Combine my wrong level of expectations with a poorly executed conference, and I feel that I overpaid, I wasted time and, worse, I felt like I didn’t get my basic (UX) needs satisfied. But before I continue, I must disclose I tend to be over-dramatic, so maybe someone actually got a much better experience than I did.
But what do I know?
I’m unabashedly claiming to be a conference connoisseur. By that I mean I can distinguish the nuances that make a conference go from good to great to awesome to OMG-let’s-do-that-again. Maybe it was the 4-years at college were I peaked at throwing parties to 1,000+ people and then applied those lessons at the Seattle 2.0 events I successfully organized -- yes, there is a lot in common between drunk college students and entrepreneurs and technologists (wait, they are actually the same, just a few years older).
Why did it suck?
Well, so far I have not talked a single thing about the conference itself and I wouldn’t say it sucked, but it was close to it.
The biggest mistake this conference had was to given speakers ONE HOUR AND FIFTEEN MINUTES to give their talk! Seriously, 75 minutes! Have you ever seen anyone giving an engaging and exciting talk for 75 minutes? OK, maybe Tony Robbins can do that, but must people will suck at it, and so they did. It’s not these weren’t expert or smart people, or even good speakers. It’s just they can’t pack enough information to make a 75-minute presentation interesting.
Actually, the situation was so bad in terms of Information per Minute (IPM) that this is the first conference in my entire life I got home at the end of the day and I didn’t have a headache! Zero. I felt like I should read a book about quantum physics to supply the lessons I was prepared to get.
The next thing I’d say was a failure was the kick-off talk by Jared himself. He was not as energetic as he was at Warm Gun. He was calm, paced and at points slow speaking. He should have setup the tone. Primed the attendees. Prepared us for what was to come. The opening was a give away for the next two days.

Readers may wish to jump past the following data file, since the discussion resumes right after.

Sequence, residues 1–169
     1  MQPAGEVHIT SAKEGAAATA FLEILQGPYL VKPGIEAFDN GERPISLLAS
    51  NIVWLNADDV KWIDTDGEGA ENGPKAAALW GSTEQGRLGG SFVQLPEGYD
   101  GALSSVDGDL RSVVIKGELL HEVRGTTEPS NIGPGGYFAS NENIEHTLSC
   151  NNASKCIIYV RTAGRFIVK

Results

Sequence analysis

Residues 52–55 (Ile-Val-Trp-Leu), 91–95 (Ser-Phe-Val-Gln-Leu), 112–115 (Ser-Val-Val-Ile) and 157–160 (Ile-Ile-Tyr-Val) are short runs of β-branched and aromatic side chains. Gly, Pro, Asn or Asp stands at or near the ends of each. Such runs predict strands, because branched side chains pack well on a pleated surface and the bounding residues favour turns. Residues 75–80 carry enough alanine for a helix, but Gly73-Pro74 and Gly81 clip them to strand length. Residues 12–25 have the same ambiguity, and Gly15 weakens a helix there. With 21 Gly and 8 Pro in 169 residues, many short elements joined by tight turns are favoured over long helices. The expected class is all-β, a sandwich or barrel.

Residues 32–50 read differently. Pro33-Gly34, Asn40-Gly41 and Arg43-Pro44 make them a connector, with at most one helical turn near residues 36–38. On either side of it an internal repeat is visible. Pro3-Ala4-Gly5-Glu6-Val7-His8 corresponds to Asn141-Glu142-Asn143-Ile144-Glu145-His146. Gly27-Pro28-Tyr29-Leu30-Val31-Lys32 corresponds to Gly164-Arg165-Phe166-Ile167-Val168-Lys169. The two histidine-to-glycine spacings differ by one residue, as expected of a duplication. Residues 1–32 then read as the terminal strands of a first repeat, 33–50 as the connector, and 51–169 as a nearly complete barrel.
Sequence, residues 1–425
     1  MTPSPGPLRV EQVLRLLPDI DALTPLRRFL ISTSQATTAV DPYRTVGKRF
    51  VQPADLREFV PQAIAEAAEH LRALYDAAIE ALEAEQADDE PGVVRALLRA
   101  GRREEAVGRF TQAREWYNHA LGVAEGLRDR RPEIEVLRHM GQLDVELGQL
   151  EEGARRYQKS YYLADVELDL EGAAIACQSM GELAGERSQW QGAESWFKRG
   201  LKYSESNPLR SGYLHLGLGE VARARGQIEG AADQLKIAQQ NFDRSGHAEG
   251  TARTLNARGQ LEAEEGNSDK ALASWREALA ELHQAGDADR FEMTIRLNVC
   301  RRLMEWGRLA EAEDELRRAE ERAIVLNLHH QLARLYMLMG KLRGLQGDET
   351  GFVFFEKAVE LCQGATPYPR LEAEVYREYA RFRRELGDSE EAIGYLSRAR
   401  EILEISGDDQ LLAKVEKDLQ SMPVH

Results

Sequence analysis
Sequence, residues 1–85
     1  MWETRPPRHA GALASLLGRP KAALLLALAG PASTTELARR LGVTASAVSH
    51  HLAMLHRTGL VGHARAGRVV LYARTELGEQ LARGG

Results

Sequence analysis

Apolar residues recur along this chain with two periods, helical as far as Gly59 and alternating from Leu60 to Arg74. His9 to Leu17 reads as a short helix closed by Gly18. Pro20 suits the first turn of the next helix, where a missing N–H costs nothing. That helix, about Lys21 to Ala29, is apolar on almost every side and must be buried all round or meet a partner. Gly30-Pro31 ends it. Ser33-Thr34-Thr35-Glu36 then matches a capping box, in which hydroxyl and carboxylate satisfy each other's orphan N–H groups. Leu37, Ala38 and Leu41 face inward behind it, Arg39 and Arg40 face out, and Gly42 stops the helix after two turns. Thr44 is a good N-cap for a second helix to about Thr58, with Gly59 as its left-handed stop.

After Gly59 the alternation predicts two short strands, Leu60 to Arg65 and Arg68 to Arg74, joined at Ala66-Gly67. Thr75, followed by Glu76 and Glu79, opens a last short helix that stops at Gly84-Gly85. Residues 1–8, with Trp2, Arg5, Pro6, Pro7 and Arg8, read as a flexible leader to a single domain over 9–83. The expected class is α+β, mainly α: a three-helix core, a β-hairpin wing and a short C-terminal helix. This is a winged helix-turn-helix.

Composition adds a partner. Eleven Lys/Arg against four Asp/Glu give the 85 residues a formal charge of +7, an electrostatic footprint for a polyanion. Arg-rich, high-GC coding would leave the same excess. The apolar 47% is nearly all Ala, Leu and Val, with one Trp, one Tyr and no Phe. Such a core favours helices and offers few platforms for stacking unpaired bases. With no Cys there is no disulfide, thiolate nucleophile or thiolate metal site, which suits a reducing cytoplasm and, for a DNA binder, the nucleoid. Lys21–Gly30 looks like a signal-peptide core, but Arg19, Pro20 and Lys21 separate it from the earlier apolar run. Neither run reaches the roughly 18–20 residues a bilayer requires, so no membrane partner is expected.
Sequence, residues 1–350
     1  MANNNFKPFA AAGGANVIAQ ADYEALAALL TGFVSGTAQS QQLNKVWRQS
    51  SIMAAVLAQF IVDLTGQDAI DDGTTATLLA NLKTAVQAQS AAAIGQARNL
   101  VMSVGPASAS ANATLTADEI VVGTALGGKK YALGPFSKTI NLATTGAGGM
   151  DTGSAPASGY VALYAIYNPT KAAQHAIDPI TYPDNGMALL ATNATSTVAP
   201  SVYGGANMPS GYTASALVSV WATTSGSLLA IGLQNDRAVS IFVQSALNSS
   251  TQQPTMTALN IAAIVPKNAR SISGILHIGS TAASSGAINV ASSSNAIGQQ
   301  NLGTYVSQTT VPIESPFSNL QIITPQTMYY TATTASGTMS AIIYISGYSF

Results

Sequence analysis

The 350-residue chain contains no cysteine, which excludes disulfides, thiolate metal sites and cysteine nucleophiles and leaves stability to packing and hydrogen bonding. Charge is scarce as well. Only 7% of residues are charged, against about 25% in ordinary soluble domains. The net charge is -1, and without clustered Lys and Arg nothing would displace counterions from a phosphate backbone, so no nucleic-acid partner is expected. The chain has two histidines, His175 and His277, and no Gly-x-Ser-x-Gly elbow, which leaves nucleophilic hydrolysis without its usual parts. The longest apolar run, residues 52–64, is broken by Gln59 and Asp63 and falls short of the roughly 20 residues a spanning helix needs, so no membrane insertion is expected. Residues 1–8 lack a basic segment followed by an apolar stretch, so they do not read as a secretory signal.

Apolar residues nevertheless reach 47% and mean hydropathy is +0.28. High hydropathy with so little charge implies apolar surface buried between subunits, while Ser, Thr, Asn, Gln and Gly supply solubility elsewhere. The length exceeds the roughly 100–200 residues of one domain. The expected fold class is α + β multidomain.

This event was also very bland. There were the talks, the coffee breaks, the lunches and a small networking event at the end of day 1. That’s it. Not a lot of vendor tables. No mechanism to meet people. Not a lot of interaction with the audience. There wasn't even 200 people on the audience. It was just bland.
The highlights were Kate Brigham from PatientsLikeMe and Luke Wroblewski. Those were the kind of talks I came here to listen.
Here are my suggestions for Jared to improve this event:
- Make the talks just 20-minutes long! If you can’t convey 3 lessons in 20-minutes, you should not be giving a talk. If you have more than 20-minutes you’ll add fillings. I just want the meat! See the videos from the StartupDay conference I organized.
- Make this a one-day conference. To commit two days is hard. Particularly for anyone working at a startup. That will help you save in hotel and other speakers’ expenses as well. You won’t be able to charge $800 for a single day, but you probably can get $400 for one day.
- You won’t make a difference in UI/UX if you target people who already know UI/UX. Target developers, marketers and executives for this event. Maybe students as well.
- Add a workshop or anything else to it.
- Match a UX designer with a person with a problem. Let the problem be exposed in the morning, and show how they solved the problem by the end of the day. Do that for 5 ‘problems’. The winner gets an iPad.
- Help to create an e-harmony of UX expert and people who need UX experts.
- Partner with the local organizations, like Seattle 2.0, to promote and attract the right kind of attendees and create the right kind of buzz.
That’s my $0.02. I really, really, really want technologists and startups to know more about UX and I hope Jared can make his conferences more powerful and impact more people (that need to).